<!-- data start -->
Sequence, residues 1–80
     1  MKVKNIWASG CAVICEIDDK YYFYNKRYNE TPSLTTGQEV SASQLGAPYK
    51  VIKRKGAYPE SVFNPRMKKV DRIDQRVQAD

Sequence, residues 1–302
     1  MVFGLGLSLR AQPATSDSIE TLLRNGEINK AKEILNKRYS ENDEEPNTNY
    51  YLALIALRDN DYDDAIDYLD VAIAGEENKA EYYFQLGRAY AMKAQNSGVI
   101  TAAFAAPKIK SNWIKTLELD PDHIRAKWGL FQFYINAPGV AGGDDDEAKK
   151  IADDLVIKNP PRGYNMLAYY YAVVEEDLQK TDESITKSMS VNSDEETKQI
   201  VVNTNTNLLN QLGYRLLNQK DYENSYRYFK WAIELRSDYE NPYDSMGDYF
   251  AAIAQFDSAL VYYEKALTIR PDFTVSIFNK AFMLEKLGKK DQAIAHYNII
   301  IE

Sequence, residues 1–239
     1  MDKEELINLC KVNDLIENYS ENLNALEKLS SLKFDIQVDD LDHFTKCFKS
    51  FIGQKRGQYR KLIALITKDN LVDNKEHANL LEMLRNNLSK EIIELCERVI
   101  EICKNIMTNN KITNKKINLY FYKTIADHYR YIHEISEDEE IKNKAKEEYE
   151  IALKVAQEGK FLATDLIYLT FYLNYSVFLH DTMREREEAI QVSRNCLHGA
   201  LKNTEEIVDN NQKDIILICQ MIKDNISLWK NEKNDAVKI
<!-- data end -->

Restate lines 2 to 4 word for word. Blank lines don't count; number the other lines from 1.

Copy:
     1  MKVKNIWASG CAVICEIDDK YYFYNKRYNE TPSLTTGQEV SASQLGAPYK
    51  VIKRKGAYPE SVFNPRMKKV DRIDQRVQAD

Sequence, residues 1–302